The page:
After you have tested your pattern and have determined the perfect cut of fabric as well as the most appropriate stitches to use, it's now time to start working on your costume. Stick to the tasks list that you have carefully planned. Do not try to jump ahead or skip some tasks because you are getting bored stitching and want to do some embroidery first.

One single mistake that can't is undone and all your work might go to waste. Let go of all your bad sewing habits. Be patient. After all, if sewing and creating is your passion then you must enjoy every moment, every step, every stitch. Remember that when it comes to sewing, final products silently screams “rushed” when they are.

At some point, you'll be done and it will likely be magnificent!

Your Thoughts

So what do you think about this? Is it something you've tried or are interested in? Please let us know in the comments below.


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8 Responses to Extreme Costuming: Sewing The Impossible

  1. Jolene Jessie says:

    There are many independent pattern companies with something for all interests. What makes historical clothing look and feel correct are the under-garments. Petticoats and chemises are simple and a good sewing starting point. Corsets are important and “makeable”. Dive in. Collect inspiration images. It’s supposed to be fun!

  2. Athena Sheppard says:

    It’s been a while since I made an Elizabethan dress, but I think that I m up for the challenge again. You would not believe how you feel when you put something like that on. Yes, the corset is tight, but you feel so regal and special.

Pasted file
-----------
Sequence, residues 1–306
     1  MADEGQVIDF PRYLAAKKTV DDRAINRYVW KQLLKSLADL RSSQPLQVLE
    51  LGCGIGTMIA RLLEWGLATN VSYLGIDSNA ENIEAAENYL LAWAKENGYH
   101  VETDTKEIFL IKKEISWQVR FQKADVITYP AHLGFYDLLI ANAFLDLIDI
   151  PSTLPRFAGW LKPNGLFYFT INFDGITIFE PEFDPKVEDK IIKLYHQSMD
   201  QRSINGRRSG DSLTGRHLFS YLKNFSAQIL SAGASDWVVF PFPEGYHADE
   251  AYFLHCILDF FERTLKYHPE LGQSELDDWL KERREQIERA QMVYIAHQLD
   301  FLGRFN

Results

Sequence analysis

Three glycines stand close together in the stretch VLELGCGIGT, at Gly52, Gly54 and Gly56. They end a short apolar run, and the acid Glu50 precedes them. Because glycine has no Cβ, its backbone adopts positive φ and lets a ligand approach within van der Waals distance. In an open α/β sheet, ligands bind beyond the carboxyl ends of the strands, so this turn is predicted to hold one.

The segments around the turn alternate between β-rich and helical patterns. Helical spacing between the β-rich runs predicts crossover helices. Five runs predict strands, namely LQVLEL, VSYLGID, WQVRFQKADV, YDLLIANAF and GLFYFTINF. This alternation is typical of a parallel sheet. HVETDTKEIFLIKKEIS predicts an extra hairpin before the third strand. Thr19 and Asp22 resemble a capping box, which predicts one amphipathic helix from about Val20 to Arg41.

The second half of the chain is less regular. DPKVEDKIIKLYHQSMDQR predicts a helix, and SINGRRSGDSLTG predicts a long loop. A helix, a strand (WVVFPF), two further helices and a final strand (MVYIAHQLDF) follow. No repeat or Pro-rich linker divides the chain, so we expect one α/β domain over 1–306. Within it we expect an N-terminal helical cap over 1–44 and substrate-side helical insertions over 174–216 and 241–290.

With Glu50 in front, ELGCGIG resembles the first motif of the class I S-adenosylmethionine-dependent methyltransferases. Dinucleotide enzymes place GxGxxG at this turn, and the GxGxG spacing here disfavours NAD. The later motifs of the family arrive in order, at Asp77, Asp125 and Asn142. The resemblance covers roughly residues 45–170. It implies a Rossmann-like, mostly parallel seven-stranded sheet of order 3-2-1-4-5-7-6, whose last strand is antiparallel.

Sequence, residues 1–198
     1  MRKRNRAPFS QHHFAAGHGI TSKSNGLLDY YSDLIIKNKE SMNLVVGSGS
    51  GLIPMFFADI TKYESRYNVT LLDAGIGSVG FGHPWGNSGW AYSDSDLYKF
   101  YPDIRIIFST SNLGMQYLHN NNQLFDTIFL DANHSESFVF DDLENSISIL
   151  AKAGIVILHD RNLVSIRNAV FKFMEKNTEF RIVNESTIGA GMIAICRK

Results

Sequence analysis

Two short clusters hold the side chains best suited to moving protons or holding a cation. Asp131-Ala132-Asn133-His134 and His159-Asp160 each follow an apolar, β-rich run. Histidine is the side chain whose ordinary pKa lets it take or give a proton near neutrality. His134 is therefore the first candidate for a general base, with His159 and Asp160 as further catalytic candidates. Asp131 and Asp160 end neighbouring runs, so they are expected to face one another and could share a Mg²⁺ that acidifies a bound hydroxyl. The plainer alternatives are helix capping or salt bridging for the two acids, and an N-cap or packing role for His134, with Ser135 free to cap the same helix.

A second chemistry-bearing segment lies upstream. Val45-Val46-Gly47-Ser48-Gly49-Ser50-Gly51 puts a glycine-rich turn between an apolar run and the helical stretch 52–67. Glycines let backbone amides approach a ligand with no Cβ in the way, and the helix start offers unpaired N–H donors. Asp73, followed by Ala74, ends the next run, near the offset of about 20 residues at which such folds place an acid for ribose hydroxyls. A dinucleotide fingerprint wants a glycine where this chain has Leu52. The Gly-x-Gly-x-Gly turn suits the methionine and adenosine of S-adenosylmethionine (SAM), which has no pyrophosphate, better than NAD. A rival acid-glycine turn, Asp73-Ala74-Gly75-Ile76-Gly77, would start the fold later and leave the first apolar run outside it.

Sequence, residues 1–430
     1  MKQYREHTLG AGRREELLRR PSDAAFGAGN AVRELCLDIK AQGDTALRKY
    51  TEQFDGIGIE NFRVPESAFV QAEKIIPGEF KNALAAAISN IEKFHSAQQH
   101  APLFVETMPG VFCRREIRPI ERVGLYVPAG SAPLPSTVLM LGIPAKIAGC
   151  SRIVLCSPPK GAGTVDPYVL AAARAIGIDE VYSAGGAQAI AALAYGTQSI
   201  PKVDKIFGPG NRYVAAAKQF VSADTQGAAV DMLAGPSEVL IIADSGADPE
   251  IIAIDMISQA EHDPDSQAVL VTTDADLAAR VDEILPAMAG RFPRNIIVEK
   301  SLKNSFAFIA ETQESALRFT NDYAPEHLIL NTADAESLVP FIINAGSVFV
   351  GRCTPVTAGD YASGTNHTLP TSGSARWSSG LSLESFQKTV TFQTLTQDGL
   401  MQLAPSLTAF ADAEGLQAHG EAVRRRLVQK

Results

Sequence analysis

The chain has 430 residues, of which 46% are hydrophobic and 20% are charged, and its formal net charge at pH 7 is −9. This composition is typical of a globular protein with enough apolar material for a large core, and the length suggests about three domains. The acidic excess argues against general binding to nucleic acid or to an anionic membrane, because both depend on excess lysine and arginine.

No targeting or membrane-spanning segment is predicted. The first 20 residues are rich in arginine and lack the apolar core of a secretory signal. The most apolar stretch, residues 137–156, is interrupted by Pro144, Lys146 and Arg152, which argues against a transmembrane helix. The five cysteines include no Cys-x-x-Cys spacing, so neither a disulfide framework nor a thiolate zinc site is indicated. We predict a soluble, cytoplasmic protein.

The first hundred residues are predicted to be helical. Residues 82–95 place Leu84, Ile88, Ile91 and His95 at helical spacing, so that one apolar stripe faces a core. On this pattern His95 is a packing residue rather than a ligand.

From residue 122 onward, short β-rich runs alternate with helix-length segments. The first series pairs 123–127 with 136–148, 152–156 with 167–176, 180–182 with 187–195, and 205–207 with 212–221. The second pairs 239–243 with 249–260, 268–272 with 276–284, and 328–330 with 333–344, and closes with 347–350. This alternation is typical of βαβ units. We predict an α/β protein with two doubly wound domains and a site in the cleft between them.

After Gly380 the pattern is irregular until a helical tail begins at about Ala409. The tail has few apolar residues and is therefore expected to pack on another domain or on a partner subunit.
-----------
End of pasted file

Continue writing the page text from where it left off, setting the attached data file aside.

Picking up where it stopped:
3. mejinno says:

    I used to do this for the Bennington Museum and some teachers. There are some great patterns available to reproduce historical look a-likes. They are not your ordinary patterns.Often no facing patterns are included and not precise directions.
    I had fun doing this for years and got paid minimally for it. Win, win!
    It is difficult , but if you like the challenge or want to be a re-enactor it is definitely worth it. I sewed my own clothes long before costumes.

  4. margie cook says:

    i think that almost everyone has a special project that takes research, time, and lots of thought! it may not be a costume , but a ball gown, a wedding dress, a taylored suit or a taylored coat. tayloring is very different than our average sewing. it does take time and research. you learn alot when you do a special project.

  5. Susan says:

    You can do actual reproduction sewing or use the fashion style of the era as a starting point and use synthetics, etc. Remember there is a big difference! The Big Pattern Companies have “historically inspired” patterns to give you a start.Think of the Victorian Era then think of SteamPunk. There was NO thing as SteamPunk in Victorian times. It is a fanciful concept “inspired by” Victorian fashion. Don’t embarrass yourself by presenting fanciful synthetic materials as “period correct”.

    That said- enjoy sewing whatever you choose!

  6. Barbara Ruth Ann Hartnell says:

    My SIL does costuming. As a cost-saving measure, she does her mock-ups using bed sheets instead of muslin. She picks them up at thrift shops or auctions. (I just got her a large laundry basket full of probably 18 sheets – for $10. From an online auction.

  7. There is an audience that will be thrilled. I however will take the next bus. You cannot please all the people all the time.

  8. I agree that the plan that you have laid out is ideal. But rather intimidating. I wouldn’t want to scare anyone off. Remember that this is your project is YOURS. It can be as accurate as YOU want it to be. You may use your machine where it doesn’t show or take whatever shortcuts YOU want. You may find that with more projects you want to be more accurate. If not , that is up to you. The thing that you cannot go back and redo is the accuracy of the materials you use. That will always show. But remember this is supposed to be fun! Soon you won’t be sewing costumes, you will be sewing clothing!

What do you think?